Taiwan says China could invade it by 2020
A lone sandal is thrown by a demonstrator at a mask of Taiwan's President Ma during a protest against the president near the National Dr. Sun Yat-sen Memorial Hall in Taipei (Reuters)

Taiwan is worried that the decades-long standoff with the mainland could come to a disastrous end as it believes China could potentially complete a successful invasion of the island in as little as seven years' time.

Taiwan's defence administration has said China's military power aimed at it could become formidable by 2020 and it is likely that China could launch an all-out attack to annex Taipei, which it sees as a renegade state.

Taiwan's Ministry of National Defense has cited in a report several ways in which China would likely enhance its military might aimed at Taiwan, Reuters has reported. These measures include sharpening the ability to coordinate a landing on Taiwan and deploying anti-aircraft missiles in the Taiwan Strait.

"In the future, the Chinese military will continue focusing on further integration of its military units, with the expectation that it will be able to resist foreign forces' intervention in any attack on Taiwan," the ministry's annual defence report said.

Taipei, which is recognised by only about two dozen countries the world over, said China's military strength will soon allow it to surpass a possible US defence of the island nation in case of an attack.

"Over the long-term, it will be wholly sufficient to engage in a war over Taiwan by 2020."

Taiwan did not mention the US intervention in the report, but Washington has an agreement with Taipei to fight on its side in case it is attacked.

The Chinese nationalists, defeated by the communists in the civil war, retreated to the island in 1949, and the two countries have been separately ruled ever since, though Beijing had always wanted to have a unified communist nation. Significantly, China has never ruled out annexing Taiwan through military means under its One China policy, even as it developed economic ties with the island nation in recent years.

China did not officially respond to the latest development from Taipei, Reuters said. However, Chinese President Xi Jinping said earlier this week the political standoff could not be postponed forever.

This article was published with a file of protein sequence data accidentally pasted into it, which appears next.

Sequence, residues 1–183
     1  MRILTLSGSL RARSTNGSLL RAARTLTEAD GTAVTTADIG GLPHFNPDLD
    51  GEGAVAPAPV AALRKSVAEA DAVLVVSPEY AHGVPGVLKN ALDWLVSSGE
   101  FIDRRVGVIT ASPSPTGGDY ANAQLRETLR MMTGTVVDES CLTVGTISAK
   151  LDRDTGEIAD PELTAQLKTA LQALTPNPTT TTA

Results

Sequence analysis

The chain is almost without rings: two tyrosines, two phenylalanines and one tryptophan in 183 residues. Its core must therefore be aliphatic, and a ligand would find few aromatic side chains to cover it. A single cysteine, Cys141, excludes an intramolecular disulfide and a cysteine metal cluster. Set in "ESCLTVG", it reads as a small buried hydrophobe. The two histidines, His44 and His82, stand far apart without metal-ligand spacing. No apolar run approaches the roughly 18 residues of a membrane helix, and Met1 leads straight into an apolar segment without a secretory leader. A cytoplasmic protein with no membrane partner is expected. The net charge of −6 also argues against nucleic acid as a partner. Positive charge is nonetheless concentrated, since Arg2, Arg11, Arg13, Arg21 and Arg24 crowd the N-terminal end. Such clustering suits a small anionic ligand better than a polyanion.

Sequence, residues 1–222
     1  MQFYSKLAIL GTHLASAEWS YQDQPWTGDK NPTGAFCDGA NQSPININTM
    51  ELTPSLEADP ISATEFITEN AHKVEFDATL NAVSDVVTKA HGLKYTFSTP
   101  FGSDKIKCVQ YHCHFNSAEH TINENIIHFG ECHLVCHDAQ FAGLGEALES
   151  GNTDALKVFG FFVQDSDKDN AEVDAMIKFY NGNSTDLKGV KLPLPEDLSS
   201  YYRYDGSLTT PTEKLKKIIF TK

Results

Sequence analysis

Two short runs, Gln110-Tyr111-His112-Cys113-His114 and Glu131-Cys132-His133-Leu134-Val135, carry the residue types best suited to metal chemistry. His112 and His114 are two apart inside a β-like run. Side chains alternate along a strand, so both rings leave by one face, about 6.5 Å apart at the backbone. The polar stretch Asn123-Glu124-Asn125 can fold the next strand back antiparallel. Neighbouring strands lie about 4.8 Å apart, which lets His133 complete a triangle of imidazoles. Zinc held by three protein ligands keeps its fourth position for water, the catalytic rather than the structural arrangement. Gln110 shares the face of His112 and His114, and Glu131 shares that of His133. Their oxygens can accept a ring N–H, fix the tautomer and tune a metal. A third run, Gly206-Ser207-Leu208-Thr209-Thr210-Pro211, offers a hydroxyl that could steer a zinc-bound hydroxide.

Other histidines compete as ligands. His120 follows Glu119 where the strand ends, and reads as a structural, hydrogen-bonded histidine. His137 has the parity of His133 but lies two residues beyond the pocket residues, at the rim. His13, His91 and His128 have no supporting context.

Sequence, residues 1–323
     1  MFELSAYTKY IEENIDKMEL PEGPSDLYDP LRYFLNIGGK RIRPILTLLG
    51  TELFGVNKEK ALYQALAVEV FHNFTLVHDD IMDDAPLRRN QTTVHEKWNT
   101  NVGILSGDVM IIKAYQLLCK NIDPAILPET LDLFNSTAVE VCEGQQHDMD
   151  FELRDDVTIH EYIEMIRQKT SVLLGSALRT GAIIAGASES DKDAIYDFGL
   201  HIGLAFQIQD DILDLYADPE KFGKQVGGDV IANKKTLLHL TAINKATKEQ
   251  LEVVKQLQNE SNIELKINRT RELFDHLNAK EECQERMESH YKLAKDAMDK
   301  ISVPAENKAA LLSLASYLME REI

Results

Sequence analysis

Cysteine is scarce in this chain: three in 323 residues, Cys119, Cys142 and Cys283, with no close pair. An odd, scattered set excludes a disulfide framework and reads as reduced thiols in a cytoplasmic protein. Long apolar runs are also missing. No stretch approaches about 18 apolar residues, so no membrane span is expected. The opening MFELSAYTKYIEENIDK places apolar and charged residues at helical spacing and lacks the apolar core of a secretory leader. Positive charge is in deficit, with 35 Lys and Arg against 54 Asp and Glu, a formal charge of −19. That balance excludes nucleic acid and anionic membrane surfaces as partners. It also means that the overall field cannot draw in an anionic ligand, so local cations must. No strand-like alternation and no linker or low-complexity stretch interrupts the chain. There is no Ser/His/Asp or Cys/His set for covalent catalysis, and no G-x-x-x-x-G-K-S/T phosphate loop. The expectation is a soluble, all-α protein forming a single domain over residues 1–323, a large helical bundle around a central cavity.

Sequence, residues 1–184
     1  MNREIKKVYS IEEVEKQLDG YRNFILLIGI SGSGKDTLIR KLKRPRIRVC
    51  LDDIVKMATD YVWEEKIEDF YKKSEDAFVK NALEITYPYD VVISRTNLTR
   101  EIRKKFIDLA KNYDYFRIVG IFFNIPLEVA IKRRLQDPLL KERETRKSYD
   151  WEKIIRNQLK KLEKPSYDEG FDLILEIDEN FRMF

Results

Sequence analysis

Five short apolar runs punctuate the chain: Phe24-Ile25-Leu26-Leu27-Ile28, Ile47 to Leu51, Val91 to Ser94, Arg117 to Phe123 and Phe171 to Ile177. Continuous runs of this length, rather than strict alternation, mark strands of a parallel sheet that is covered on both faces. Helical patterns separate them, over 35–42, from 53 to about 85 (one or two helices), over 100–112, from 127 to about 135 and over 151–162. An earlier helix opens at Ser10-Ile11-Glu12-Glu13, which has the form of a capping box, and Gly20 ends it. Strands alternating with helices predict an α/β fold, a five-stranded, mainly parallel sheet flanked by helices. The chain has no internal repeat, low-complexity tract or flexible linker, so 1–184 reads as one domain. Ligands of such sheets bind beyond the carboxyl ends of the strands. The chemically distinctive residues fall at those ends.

"Increasing mutual political trust across the Taiwan Straits and jointly building up political foundations are crucial for ensuring the peaceful development of relations," Xi said in Bali ahead of the Asia Pacific Economic Cooperation (APEC) summit.

However, Taiwanese have always fretted about China's plans as the Communist Party leadership has always seen Taiwan as a threat due to Taipei's close ties with the US and the substantial military hardware the island nation has been getting from Washington.

Though the hatchet was never buried, China and Taiwan have gone on to establish far-reaching economic ties, a factor many analysts see as a deterrent to a future Chinese attack.

At the same time, the diplomatic alienation of Taiwan has been taking place at a fast pace, with only a handful of countries now retaining relations with it. China has successively used its financial might to win over allegiance among several Asian and African governments in the past, leaving Taiwan with only 23 allies, most of which are tiny countries. And more are eager to dump Taiwan and join hands with China.

Costa Rica was the last country to sever ties with Taiwan in 2007 and recognise Beijing. China has not accepted requests from other countries to turn over to its fold since then.

Analysts say this is in line with China's long-term political design for Taiwan. China's relationship with Taiwan improved after China-friendly Ma Ying-jeou was elected president in 2008, and Beijing wants to cultivate a more accommodative stance among Taiwanese people over the years before it executes a diplomatic coup, analysts have said.

Zhang Zhexin, a Taiwan policy researcher at the Shanghai Institute for International Studies, told Reuters that China may have rebuffed at least five countries' requests to switch diplomatic recognition to Beijing in recent years.

"If it weren't for the desire to support Ma, we would have let them switch already. But now we are not as much in a rush as before," he said.